zhu difeng - Fotolia
Docker is a popular container engine that provides a way to easily deploy and manage containers. Here, we look...
at some tips for how to deploy a Docker container in popular cloud environments.
By itself, Docker is essentially a single instance of an application-level virtualization platform. It also removes the application/OS dependencies and enables multiple applications to run on one Docker instance.
The underlying OS can be any of a number of Linux-based OSes. Most cloud providers offer some form of optimized base OS, such as RocketOS, JeOS or Alpine Linux. These OSes are lightweight and provide almost instant deployment capability. Depending on the cloud provider, you might be able to choose among multiple base OSes to run your containers on.
Before you begin
High availability (HA) is important for many business applications, and you should take the time to understand the difference between containers and VMs. Containers don't offer built-in HA, which means they might not be right for every application. Instead, many organizations build HA into the application itself, designing it specifically for a container-based environment.
Other important factors include planning for intrasystem communication. No matter which platform you use, you should use an internal network for management communication and avoid accidentally exposing management ports to the internet.
As you would with VMs, be sure to size your Docker hosts appropriately. Too big and you'll end up paying for more than you use. Too small and the applications won't perform well.
Be careful about using Docker images from unknown sources and public registries. Signed vendor-provided images are usually more trustworthy. Many cloud providers offer access to a private registry.
Docker deployment basics
Neither AWS nor Microsoft Azure offers stand-alone instances of Docker-optimized hosts. However, they both offer Kubernetes clusters that provide easy-to-deploy infrastructure. This entails deploying VMs that participate in the Kubernetes cluster and provide resilience. Essentially, Kubernetes does all the heavy lifting for you.
For those just looking to deploy single instances, the way forward is to create a standard VM and deploy the Docker infrastructure on top of the host. Depending on which cloud provider you choose, the deployment steps vary slightly.
First, create a new VM with enough resources for the container instances that will run on it.
I started by deploying a standard Ubuntu VM. Once deployed, with the public interface, I strongly recommend you use public key authentication, because a publicly exposed Secure Socket Shell (SSH) port can be a significant security risk.
Use an SSH client -- for example, PuTTY -- to connect to the bare host, and then install Docker using the following command:
Sudo apt-get install docker.io -y
Once installed, test it using the well-known cowsay application. Then, deploy the application using the following command:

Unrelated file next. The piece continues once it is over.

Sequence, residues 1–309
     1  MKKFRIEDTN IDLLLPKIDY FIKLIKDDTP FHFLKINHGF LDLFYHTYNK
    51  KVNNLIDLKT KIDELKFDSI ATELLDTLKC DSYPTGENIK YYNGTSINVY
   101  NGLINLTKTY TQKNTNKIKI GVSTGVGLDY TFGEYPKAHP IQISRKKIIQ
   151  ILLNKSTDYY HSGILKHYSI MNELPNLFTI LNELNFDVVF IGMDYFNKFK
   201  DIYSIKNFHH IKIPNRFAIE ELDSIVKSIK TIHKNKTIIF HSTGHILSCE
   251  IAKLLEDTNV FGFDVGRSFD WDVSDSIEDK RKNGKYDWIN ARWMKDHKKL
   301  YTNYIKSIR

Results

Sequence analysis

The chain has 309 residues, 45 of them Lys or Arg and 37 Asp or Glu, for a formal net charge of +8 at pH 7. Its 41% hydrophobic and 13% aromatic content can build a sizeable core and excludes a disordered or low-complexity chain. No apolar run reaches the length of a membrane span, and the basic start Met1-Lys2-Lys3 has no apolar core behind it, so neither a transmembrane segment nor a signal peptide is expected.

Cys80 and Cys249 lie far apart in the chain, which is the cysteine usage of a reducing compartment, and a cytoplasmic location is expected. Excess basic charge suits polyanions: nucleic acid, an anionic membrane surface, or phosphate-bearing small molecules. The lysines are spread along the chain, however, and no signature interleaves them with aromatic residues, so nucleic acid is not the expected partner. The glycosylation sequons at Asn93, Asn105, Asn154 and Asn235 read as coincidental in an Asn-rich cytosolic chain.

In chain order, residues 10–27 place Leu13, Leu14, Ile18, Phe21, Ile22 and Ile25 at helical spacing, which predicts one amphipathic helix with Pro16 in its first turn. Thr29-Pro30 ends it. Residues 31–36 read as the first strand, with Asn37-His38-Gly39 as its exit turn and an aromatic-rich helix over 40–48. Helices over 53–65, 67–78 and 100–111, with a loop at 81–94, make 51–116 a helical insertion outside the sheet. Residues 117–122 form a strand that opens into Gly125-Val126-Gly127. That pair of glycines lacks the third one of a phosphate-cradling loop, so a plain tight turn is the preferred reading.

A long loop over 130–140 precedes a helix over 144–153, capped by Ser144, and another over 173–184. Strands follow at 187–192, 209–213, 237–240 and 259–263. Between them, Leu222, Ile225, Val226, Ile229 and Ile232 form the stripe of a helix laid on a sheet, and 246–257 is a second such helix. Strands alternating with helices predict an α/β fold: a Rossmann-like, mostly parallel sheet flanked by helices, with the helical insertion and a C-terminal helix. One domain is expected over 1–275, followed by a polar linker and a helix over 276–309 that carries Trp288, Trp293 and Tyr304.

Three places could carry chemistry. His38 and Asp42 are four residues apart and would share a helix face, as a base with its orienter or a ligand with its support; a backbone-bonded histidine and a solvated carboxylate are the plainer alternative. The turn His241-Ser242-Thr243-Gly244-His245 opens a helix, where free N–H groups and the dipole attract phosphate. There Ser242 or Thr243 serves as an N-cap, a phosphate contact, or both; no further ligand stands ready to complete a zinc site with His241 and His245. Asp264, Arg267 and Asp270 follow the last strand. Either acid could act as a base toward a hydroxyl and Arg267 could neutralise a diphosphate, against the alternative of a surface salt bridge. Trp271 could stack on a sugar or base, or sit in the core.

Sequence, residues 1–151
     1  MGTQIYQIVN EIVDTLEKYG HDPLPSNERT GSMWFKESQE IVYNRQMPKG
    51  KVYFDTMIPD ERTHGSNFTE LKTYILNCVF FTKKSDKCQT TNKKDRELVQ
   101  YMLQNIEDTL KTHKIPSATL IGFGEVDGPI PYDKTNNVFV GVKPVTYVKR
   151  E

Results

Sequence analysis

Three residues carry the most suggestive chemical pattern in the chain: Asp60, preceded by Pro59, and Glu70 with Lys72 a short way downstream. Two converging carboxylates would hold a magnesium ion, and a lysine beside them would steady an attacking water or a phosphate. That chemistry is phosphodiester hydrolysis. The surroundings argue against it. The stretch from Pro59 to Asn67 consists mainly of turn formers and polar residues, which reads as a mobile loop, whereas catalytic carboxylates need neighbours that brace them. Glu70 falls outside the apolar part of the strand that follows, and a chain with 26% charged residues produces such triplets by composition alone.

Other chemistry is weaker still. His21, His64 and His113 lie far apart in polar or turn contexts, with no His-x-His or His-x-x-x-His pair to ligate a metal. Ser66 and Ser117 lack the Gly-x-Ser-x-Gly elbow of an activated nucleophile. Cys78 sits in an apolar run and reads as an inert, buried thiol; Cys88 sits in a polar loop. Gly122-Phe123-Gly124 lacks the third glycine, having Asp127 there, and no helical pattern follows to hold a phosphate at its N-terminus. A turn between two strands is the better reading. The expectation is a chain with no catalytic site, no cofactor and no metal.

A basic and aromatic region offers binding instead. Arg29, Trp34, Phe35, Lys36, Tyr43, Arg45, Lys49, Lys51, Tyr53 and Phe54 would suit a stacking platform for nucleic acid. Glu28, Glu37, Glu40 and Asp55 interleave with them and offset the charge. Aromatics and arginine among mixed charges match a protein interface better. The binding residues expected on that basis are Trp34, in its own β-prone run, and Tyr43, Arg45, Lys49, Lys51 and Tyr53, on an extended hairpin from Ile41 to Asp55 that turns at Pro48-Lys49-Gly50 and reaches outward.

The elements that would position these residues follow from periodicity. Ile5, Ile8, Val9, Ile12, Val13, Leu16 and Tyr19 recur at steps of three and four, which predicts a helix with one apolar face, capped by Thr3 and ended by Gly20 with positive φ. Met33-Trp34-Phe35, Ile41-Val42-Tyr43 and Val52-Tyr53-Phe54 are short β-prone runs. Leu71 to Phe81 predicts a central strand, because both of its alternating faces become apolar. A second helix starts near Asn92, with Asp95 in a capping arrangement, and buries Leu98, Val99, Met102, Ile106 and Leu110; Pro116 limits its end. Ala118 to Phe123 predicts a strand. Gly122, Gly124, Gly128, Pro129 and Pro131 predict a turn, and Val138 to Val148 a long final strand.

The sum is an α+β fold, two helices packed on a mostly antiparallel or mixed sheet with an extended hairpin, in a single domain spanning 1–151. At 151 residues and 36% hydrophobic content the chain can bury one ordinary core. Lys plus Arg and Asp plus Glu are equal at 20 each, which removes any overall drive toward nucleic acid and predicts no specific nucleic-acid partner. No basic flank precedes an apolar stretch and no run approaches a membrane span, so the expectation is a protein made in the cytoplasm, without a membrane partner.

docker run docker/whalesay cowsay Hi from TechTarget
This gets you started, but your instance still requires some configuration to expose the ports – or, rather, connect them so data can pass from the public IP address to the Docker image.
Deploy a Docker container to Azure
In most cases, it's not worth it to create your own hosts. Use the web interface or the Azure command-line interface to deploy the Docker instance as a service. In most cases, using Azure Container Service is cheaper and more efficient than creating your own hosts.
If you're willing to invest a bit of time and get the jump on implementation, you can set up a Kubernetes cluster with minimal effort.
However, it might make more sense to use the Azure Web App container service. This Microsoft service is useful because it removes the management requirement that comes with standing up your own cluster.
Microsoft Azure provides several great features, but you should learn to use tags first. You can use tagging in a variety of situations, such as to differentiate between releases and versions. Although it might seem a bit tricky, consistent tagging is worth its weight in gold.
Depending on your needs, you might want to create an IP reservation. This approach incurs an hourly cost, but it enables you to reserve a specific IP address. If a host is deleted or recreated and its external IP address is lost, access to that IP will be lost. Reservations, like the name suggests, enable you to reserve an IP address with the cloud provider.
Deploy a Docker container to AWS
Don't replicate the functionality that AWS already provides. Depending on the requirements, a lot of infrastructure is available as a shared service and is cheaper than building the resource from scratch. Amazon provides the AWS container registry for convenient storage of Docker images.
Be careful when using tags. On most platforms, pulling an image without specifying the version will result in the service using the latest image. If you don't specify the version, the next pull request could pull a different version, which could result in multiple instances running in the environment -- which can cause problems.